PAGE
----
The Sunday Dispatches—Edition No. 204
Paul Jarvis has the fanciest logo.

 

Product tribbles

I’ve always loved figuring out ways to use my creativity to create interesting, useful and sometimes whacky ideas that generate revenue.

Internally I refer to these as disruptive business models because a) they tend to be things that I’ve not seen anyone else do, b) they typically go against common advice from experts online, c) they have a high probability of spectacularly failing and d) most importantly, they involve an inherent creativity that leads to making money.

One of these disruptive business models was creating a “bundle of awesome” of existing products and selling it using a “bump sale” method for season 2 of Invisible Office Hours with Jason Zook. This ended up doing much, much better than we figured it would, even though it was a very left-field idea.

Another example is Emojibombs, which was a daily email that highlights the backstory of your favourite emojis. This made us each $1.50 after expenses (we’ve since killed this off). I would do it again because it was so enjoyable to build, it stretched me in interesting ways, and really, it only took 9 hours to build.

The problem I’ve personally come up against lately is that thinking up these new ideas, new products and new models is a little addictive. At least to me. And now I realize that I’ve let my business get far too unfocused. Yes, I 100% believe that diversity in your income is a great thing (just like diversifying your investment portfolio), but there is a limit to how much you can diversify your work without losing focus on a lot of it. Especially when you work for yourself (I have no team—it’s just me and my little rat friends).

I don’t have the bandwidth to focus on all my products at the same time, so I actually forget about some, good ones too, and don’t put any time into them for a while (which reflects in poor sales).

Currently (this is an important word) here’s a list of what I do to make money and the percentage of income each product represents:

  1. Creative Class (35%) - an online course that helps skilled freelancers learn the art of running their own business.

  2. Chimp Essentials (21%) - an online course that teaches people how to use MailChimp to make money.

  3. Project Prescription (7%) - a bundle of documents that designers can use to run their business better that I created with Shauna Haider. There’s now a photography version too with Shauna and Luke Copping.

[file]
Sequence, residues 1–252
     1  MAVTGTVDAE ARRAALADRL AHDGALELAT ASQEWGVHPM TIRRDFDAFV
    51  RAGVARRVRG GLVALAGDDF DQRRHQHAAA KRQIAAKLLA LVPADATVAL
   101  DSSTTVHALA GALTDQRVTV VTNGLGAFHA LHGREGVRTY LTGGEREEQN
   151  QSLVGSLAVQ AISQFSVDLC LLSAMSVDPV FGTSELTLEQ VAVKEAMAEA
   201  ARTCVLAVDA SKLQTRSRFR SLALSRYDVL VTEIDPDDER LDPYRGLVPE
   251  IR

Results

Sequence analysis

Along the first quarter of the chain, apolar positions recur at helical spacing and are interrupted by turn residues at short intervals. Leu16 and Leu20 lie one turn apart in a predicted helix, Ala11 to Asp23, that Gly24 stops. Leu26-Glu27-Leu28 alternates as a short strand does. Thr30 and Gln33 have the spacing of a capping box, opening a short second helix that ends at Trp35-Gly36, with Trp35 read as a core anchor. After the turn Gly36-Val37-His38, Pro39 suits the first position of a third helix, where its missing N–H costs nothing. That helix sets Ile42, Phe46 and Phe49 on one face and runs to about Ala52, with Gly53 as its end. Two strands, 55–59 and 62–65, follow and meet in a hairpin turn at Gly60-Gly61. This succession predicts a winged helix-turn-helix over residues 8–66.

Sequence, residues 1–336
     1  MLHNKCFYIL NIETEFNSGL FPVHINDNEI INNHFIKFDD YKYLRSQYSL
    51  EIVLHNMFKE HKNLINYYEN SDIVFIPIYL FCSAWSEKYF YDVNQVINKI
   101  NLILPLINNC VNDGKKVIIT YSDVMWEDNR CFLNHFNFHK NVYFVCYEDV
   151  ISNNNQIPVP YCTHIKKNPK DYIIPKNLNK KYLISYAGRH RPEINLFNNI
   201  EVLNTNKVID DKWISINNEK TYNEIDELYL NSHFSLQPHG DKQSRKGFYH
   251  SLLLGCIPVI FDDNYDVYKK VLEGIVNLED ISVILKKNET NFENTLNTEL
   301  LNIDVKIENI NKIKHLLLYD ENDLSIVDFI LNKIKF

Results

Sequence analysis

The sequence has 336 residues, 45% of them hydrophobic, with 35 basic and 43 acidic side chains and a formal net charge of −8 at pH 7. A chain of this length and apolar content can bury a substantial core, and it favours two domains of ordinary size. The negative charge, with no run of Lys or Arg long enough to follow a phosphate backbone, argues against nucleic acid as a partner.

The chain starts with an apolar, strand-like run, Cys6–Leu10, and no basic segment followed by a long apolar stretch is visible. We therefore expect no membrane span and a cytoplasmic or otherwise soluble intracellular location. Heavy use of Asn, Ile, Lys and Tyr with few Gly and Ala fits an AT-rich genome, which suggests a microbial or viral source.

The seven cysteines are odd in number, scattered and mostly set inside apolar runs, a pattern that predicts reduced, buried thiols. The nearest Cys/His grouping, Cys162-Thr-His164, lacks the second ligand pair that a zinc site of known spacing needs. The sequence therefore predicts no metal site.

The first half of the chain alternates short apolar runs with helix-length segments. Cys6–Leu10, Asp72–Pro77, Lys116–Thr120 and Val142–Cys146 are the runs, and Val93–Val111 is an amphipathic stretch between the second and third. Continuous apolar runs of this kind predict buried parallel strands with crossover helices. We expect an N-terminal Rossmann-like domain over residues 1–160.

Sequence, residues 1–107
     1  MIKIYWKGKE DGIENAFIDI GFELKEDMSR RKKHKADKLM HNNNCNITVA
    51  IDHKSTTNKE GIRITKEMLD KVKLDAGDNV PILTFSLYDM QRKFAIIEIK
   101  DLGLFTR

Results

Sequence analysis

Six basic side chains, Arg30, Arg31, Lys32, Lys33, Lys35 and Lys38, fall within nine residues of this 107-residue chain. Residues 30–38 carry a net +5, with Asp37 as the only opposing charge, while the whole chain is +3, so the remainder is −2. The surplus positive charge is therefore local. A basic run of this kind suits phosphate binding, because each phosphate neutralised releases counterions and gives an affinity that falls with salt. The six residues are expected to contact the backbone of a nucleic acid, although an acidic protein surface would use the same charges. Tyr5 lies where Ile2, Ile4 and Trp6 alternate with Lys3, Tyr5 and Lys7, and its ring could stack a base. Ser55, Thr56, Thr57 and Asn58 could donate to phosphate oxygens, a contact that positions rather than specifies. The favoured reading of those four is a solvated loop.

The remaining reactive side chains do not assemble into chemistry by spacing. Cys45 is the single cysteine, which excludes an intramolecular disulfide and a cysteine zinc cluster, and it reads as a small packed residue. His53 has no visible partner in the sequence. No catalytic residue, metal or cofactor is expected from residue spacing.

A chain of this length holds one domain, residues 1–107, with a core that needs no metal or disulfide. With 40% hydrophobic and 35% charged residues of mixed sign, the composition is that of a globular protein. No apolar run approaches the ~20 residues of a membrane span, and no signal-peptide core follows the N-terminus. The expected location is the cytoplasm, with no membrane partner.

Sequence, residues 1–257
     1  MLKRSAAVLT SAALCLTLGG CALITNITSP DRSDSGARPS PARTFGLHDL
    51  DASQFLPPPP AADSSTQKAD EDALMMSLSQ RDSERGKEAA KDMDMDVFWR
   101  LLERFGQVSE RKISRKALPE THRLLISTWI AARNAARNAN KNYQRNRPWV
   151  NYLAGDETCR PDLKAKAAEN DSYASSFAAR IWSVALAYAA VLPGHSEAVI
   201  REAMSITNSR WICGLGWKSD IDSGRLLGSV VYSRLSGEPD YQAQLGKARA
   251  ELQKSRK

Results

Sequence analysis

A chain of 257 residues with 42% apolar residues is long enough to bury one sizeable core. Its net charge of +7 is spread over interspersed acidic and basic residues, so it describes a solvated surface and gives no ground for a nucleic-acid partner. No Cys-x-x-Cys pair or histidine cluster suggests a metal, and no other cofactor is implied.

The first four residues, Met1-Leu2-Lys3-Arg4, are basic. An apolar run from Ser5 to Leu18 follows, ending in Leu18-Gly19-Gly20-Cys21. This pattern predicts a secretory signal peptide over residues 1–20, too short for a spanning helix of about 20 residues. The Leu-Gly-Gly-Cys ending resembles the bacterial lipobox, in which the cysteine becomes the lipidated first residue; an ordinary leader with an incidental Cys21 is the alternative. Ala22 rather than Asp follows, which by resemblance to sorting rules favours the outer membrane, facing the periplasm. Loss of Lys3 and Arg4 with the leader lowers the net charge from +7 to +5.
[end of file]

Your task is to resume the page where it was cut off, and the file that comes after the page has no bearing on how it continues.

4. The Freelancer (7%) - my solo podcast that makes money through sponsors (which is booked solid until 2017 currently).

  5. How Dare You (5%) - both a one-day online workshop and an online course to teach folks how to use their personality in business. NOTE: I'm teaching this workshop one more time in a few days, get details here.

  6. Invisible Office Hours (4%) - my podcast with Jason Zook that is monetized through sponsorships (one per season).

  7. Hosting (4%) - a relic from my designer days, I host the websites of some previous clients on a dedicated, managed server.

  8. Book sales (4%) - I haven’t written a book in years (or even promoted one), but my previous 4 still consistently bring in a little bit of monthly cash from Amazon and foreign rights sales.

  9. Product to Profit (3%) - a one-day online workshop with Jason Zook and Nathan Barry to help makers build and sell products.

  10. Consulting (2%) - I take on very few consulting clients, but I like to stay sharp with freelancing, so I do a bit of 1-on-1 work still.

  11. WordPress themes (2%) - I built four $39 themes and one free theme. These are being retired very soon.

  12. Affiliates (2%) - I dabble in very soft pitches for products I love (MailChimp, Digital Ocean, Hover and FlyWheel).

  13. ofCourseBooks (2%) - my cofounded software company with Jason Zook and Zack Gilbert.

  14. Podcast like a Boss (2%) - a one-day online workshop with Jason Zook, Kathleen Shannon and Emily Thompson teaching podcasters how to use their shows to benefit their business.